County Health Department, state partner to educate Flint area on lead

This article originally appeared on MLive.

FLINT, MI — The Genesee County Health Department and Michigan Department of Health and Human Resources say they are providing resources to educate Flint residents and primary care providers about lead, and what people should do to protect themselves.

County Health Officer Mark Valacak said it is a continued, joint effort to inform the community about lead exposure.

“We want to make sure everyone who is on the Flint water system has a filter that they are using,” Valacak said. “We want to also encourage parents that have children who are 5 years or less of age to have their lead levels tested.”

Valacak said the health department routinely recommends various testing for children, including WIC clients, to have a series of testing done for 1- and 2-year-olds. He added that the health department tests about 1,500 children a year. There was a slight increase in testing after Flint’s water crisis, he said.

The two departments are developing various educational tools that focus on lead issues and ways to help reduce risk, including good nutrition, lead testing, how to reduce lead exposure, information on where lead comes from and community and state resources.

“We work together all the time,” Valacak said. “It’s just that this is a very serious issue. We’re putting out more resources to try to address the problem.”

Next week, letters will be issued to parents and primary care providers in Flint “To help in providing guidance to support families,” says a news release issued by both departments.

“This is a good time to check with your healthcare provider to make certain your child has been tested at the recommended times, and if not, have the test performed,” said Dr. Gary Johnson, Medical Director, Genesee County Health Department.

The release said adults who work in certain jobs including auto repair, stained glass and jewelry making, and ammunition handling can also put children at risk if they touch clothing or play in areas where lead is found. It also warned that old lead paint, soil, pottery, cosmetics, toys and some home remedies may also expose children to lead.

“Parents and providers can take a number of steps to help reduce exposure, identify signs of lead poisoning, and begin followup care as needed,” said Dr. Eden Wells, Chief Medical Executive with the state department. “Working together, we can all help to protect the health of families in Flint.”

The Genesee County Health Department and Michigan Department of Human Services are recommending that parents and primary care givers in the Flint area use these tips to reduce lead exposure risk:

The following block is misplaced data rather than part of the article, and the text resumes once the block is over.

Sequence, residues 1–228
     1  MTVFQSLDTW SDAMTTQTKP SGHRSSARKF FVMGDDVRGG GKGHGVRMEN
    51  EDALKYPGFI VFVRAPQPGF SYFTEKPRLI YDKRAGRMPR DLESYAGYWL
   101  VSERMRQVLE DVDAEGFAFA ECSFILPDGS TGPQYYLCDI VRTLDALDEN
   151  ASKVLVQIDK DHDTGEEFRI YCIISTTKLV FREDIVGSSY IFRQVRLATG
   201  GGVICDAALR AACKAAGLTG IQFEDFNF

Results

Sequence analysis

• Families who live in the city of Flint and are on the Flint water system or who attend school, childcare, or spend time with a caregiver in the city of Flint, are encouraged to get their children tested for lead poisoning at their doctor’s office or the county health department.
  • Families can get their water tested for lead, for free. Call 810-787-6537 for details about how.
  • Families are encouraged to use an NSF-Certified water filter in their home, and free filters are still available. Call 2-1-1 for information about where to pick up a free filter.
  • Run only cold water through the filter.
  • Use filtered or bottled water for drinking (including making coffee, drink mixes, juice, baby formula), and cooking (even if you boil the water, the lead will stay in the water and food).
  • You can use unfiltered tap water for washing your hands, and washing dishes. If you must use unfiltered water for drinking or cooking, run the tap for five minutes before using the water.
  • Safe cleaning can also reduce the risk of lead exposure in the home. You can use unfiltered tap water to wipe down countertops, mop floors, and wash clothes.
  • Keep children away from lead paint and dust; use wet paper towels to clean up lead dust around windows, play areas and floors; and wash hands and toys often, using soap and water
  • Always wash fruits with filtered water. Some foods help keep lead from being stored in a child’s body, such as calcium-rich foods, iron-rich foods, and foods with vitamin C.

For more information, visit the Genesee County Health Departments site here or the Department of Environmental Equality here.

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